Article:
This evening, TCD Visual Arts Society (VisArts) launched their annual end-of-year exhibition at Temple Bar Gallery + Studios, following on the success of previous years. Spanning four floors and over 40 works of art from both staff and students, the event offered a variety in the works on display. The event was well attended, seeing staff and students alike enjoying the vibrant atmosphere and complimentary wine.
One of the most exciting elements of the event was the range of artists included, with representations from both staff and students ranging from the Department of History of Art and Architecture to the Department of Computer Science and Statistics. Similarly, the mediums and range of works was impressive, seeing striking pictures, inventive sculpture and intricate paintings. Impressively, an interactive piece was included, which constantly drew in crowds throughout the evening.
One piece, entitled “Transcience” by Anna Belitskaya, which was displayed on a tall pedestal, juxtaposed two potted plants – one, pink and white flowers in a pot, and the other, purple flowers pulled from the earth carefully displayed in an open hand. “Which side has greater meaning: to live forever or to live?”, was thoughtfully written on the display, drawing audiences in in order to think deeper about the work on display. As I walked passed, I heard audiences murmuring and discussing the work in front of them, fulfilling the aim of the artist.
“Period Profit” by Ellen O’Sullivan displayed a tower of tampons dipped in gold paint, raising questions and a discussion on the tampon tax and high cost of feminine products. Again, crowds circumambulated the work and discussed the work’s meaning. As well as being visually engaging, the work drew important questions.
Third-year theoretical physics student Vladyslav Sirenko’s unique piece “Freaky Ukulele” was a ukulele painted with a distinctive and vibrant pattern. Taking the traditional medium away and moving to using an instrument as a canvas, the artist created an engaging visual dynamic.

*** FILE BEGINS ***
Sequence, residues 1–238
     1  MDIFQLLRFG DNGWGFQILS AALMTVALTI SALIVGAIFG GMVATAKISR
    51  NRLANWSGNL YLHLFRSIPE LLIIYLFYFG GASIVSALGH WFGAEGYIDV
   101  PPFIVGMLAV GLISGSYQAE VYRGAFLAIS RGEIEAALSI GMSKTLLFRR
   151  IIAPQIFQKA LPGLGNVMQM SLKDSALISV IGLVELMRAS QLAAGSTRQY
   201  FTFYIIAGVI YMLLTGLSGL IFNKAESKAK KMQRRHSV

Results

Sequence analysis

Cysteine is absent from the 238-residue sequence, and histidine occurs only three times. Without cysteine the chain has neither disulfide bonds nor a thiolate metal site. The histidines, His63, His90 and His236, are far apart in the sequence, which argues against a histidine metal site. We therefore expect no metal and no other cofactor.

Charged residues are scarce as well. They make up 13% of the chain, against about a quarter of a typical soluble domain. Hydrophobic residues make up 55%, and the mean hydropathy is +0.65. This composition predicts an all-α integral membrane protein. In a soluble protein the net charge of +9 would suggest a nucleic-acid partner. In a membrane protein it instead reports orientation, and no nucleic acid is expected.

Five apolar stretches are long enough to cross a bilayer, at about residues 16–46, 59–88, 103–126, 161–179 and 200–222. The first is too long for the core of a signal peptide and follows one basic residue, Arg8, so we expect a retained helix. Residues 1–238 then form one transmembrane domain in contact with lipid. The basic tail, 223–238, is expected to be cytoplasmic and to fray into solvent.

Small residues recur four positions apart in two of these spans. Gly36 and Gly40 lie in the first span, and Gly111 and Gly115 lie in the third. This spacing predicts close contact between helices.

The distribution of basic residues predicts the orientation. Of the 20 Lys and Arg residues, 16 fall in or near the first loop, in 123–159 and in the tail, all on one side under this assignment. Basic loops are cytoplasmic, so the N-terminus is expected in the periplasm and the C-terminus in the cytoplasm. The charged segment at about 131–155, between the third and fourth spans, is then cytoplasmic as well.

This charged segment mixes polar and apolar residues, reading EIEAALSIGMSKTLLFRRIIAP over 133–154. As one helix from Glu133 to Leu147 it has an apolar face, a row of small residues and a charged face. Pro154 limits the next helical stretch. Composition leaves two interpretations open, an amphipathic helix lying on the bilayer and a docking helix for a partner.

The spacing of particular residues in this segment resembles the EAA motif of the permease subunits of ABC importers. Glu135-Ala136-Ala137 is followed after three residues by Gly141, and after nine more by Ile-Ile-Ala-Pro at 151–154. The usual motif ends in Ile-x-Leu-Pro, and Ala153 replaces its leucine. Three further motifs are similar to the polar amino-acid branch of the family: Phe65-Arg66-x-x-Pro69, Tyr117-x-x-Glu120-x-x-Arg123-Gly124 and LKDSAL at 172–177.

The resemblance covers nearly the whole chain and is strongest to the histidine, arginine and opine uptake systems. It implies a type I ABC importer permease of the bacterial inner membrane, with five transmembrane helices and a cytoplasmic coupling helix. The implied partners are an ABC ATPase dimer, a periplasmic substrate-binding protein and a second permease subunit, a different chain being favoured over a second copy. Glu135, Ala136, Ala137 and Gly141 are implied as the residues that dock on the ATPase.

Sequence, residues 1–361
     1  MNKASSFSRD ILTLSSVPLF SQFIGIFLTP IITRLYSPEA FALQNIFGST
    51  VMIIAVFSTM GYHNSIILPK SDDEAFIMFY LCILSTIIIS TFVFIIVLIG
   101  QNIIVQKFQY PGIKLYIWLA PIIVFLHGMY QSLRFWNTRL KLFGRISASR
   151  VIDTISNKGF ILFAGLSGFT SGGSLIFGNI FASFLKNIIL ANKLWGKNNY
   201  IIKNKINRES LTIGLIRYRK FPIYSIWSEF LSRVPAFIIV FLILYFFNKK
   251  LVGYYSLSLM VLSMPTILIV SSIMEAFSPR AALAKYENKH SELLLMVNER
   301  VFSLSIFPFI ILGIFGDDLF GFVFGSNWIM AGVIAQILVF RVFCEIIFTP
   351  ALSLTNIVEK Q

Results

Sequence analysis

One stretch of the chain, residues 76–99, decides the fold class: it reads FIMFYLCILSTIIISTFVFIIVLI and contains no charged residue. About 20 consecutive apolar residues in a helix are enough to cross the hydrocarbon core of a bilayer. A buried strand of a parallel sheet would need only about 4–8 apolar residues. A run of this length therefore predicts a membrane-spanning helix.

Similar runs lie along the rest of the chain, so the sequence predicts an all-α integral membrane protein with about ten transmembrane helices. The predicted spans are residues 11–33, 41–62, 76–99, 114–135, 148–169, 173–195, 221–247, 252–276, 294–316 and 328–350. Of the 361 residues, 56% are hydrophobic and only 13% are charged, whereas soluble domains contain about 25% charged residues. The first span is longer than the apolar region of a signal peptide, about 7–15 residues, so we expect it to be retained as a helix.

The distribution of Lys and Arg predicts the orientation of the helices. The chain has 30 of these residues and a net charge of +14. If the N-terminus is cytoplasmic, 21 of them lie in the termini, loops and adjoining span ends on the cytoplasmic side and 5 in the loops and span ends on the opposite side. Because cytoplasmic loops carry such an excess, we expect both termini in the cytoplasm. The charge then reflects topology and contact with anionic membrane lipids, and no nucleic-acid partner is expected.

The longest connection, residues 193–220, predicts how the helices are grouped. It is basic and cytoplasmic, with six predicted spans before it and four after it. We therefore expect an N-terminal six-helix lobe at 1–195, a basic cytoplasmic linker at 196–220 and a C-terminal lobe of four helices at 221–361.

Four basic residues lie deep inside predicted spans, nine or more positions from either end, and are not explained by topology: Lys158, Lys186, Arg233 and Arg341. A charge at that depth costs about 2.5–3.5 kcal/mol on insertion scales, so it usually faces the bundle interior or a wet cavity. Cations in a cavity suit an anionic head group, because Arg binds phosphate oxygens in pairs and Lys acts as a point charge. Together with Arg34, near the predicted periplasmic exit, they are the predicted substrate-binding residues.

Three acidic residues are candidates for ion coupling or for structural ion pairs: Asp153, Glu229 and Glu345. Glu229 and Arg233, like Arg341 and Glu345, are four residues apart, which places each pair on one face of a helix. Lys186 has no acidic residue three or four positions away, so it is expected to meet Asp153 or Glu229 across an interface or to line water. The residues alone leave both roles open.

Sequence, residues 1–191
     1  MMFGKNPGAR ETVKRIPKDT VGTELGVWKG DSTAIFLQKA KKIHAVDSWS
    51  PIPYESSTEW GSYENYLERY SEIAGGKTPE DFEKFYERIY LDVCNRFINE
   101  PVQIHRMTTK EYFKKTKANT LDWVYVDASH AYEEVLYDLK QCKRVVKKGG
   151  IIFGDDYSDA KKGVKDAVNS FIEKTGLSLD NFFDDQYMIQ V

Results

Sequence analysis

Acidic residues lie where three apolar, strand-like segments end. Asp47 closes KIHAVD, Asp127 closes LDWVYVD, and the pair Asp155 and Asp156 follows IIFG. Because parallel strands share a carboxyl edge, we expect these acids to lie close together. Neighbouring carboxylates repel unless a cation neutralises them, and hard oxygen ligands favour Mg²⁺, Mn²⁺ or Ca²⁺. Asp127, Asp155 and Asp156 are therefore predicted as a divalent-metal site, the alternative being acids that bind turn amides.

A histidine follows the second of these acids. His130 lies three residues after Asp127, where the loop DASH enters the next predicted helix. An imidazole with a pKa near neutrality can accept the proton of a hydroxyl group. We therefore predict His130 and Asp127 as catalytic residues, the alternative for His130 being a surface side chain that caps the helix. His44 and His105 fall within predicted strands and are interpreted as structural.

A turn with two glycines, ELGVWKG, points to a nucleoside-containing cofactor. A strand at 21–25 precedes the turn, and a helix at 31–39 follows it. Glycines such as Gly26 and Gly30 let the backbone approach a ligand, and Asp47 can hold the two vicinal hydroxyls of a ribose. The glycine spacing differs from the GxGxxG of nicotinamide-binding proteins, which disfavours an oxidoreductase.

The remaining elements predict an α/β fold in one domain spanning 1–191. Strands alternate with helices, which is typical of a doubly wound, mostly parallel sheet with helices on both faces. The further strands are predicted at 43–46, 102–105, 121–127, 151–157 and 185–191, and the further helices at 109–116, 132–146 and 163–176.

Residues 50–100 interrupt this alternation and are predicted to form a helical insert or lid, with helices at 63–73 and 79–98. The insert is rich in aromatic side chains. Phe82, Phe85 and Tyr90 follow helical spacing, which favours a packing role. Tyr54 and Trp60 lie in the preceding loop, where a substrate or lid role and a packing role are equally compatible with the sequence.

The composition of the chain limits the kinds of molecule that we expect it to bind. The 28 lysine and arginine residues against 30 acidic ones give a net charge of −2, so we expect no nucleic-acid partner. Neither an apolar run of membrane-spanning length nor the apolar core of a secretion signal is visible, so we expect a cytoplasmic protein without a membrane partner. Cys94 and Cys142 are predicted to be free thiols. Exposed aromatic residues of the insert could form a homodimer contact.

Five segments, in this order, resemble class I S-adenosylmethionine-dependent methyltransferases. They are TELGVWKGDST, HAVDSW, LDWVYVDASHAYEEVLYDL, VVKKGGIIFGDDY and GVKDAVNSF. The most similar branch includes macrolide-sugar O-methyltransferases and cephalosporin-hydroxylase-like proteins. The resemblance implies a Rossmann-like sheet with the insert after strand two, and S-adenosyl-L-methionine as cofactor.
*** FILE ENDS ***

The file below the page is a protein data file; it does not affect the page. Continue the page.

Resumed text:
Several impressive portraits were part of the display. Final-year classics student Vincent Coldrick’s “Dr Gueret and Florence” took a startling approach to the genre. With two figures, a man and a woman, staring directly at the viewer with wide, glaring eyes, the viewer is both invited to take a closer look and taken aback by the intensity of the stare. “Jenny” by Hannah Baker took a more ethereal and calm approach. Even the soft brushstrokes match this sense of calm. The subject carefully looks to the side and offers reassurance to the viewer, dramatically contrasting with Coldrick’s portrait.
The venue Temple Bar Gallery + Studios, with its minimalist aesthetic and white walls, provided the perfect location for the occasion. The sterile railings were decorated with fairy lights, brightening the space, and the variety of plants provided welcoming contrast with the concrete floors. While the colors, medium and genre of the works on display varied, the venue was well-suited to house this diversity.
Even though it was sometimes difficult to see the works on display as a result of the massive crowds, this is only a testament to the hard work put into the exhibition by the VisArts committee and artists alike. Once again, VisArts has created an engaging and unique exhibition, with works in a range of mediums from a large variety of staff and students, which is not to be missed.